Large social gatherings can be overwhelming for some children, especially for those who are sensitive to loud noises or big crowds. Having a quiet space to take a short break can help kids feel safe and supported. Children may benefit from knowing where they can go when they need a few minutes to unwind from an overly stimulating environment. Finding and designating a special spot in your home ahead of time (or asking your host where there’s a place to take a quiet break) can be helpful (NASP, 2002).

Teach social expectations and rules
Some children may feel anxious about seeing new or unfamiliar relatives. While our relatives’ hugs and kisses are well intentioned, it is important to have different social expectations for different kids. Children with social anxiety should not be pressured to immediately show affection or talk. However, they should not avoid such events that may trigger their anxiety. Instead, it is important to teach and model effective social skills to help them manage their anxieties and navigate those social situations (Ashdown & Bernard, 2012).

Family gatherings offer many teaching and practice opportunities. We can teach kids to start small with a smile, a wave hello, or a high five. As children become more comfortable at a social gathering, they can practice their social skills. Encourage them to engage in conversations with familiar adults or share and take turns with their favorite cousins. Inform family members and friends on how they can help ahead of time – it is likely that they will be understanding and supportive.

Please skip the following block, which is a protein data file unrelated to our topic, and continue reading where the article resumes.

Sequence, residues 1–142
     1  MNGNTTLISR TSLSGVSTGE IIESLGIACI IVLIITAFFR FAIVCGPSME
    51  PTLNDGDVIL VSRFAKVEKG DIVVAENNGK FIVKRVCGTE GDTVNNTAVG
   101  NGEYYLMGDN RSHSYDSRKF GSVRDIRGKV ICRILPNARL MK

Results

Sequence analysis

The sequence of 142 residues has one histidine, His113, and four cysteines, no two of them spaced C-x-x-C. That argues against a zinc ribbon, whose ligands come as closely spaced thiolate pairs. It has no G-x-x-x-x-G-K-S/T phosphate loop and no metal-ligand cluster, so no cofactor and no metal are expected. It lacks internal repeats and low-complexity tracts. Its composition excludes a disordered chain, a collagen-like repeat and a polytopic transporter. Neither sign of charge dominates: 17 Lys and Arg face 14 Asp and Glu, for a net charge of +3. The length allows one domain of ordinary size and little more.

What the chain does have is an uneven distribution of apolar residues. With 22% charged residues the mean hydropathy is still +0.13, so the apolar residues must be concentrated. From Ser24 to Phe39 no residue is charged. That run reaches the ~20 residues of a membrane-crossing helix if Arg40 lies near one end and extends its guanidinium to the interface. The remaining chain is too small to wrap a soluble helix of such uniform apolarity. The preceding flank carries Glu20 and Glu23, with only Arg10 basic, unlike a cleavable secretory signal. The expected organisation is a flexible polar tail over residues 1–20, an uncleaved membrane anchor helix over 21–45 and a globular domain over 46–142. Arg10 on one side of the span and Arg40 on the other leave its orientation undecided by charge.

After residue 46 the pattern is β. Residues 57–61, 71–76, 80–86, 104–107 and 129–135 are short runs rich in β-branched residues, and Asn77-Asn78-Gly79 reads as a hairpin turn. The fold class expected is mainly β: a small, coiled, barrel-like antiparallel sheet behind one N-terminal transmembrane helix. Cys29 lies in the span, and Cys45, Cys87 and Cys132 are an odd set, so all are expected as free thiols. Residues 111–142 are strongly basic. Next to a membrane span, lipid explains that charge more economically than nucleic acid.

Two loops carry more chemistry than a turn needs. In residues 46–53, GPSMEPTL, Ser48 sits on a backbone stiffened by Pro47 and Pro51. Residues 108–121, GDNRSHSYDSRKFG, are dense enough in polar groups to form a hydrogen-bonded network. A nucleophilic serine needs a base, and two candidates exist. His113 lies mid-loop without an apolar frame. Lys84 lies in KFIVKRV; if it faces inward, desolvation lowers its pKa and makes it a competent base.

Set aside time to relax
Maintaining good physical and mental health is essential for managing the exciting yet hectic time of the holidays. Exercise, deep breathing, and relaxation techniques are effective ways to decrease anxiety for children and adults alike (Cabe, 2001). Setting aside just minutes for physical and mental relaxation each day can help calm your mind and body.

Sunfield Center wishes your families a happy and healthy holiday season!

References:
Ashdown, D. M. & Bernard, M. E. (2012). Can explicit instruction in social and emotional learning skills benefit the social-emotional development, well-being, and academic achievement of young children? Early Childhood Education Journal, 39(6), 397-405. Retrieved from http://ezproxy.msu.edu/login?url=http://search.proquest.com/docview/964190582?accountid=12598

Cabe, N. (2001). Relaxation training: Bubble breaths. Jason Aronson, Inc.: Lanham, MD. Retrieved from http://ezproxy.msu.edu/login?url=http://search.proquest.com/docview/619731000?accountid=12598

Mesibov, G. B., Shea, V., & Schopler, E. (2005). The TEACCH approach to autism spectrum disorders. Springer Science Business Media: New York, NY. Retrieved from http://ezproxy.msu.edu/login?url=http://search.proquest.com/docview/620797748?accountid=12598

National Association of School Psychologists. (2002). Behavior Problems: Teaching Young Children Self-Control Skills. Retrieved from http://www.nasponline.org/resources/handouts/revisedPDFs/selfcontrol.pdf

Swanson, T. C. (2005). Provide structure for children with learning and behavior problems. Intervention in School and Clinic, 40(3), 182-187. Retrieved from http://ezproxy.msu.edu/login?url=http://search.proquest.com/docview/62135405?accountid=12598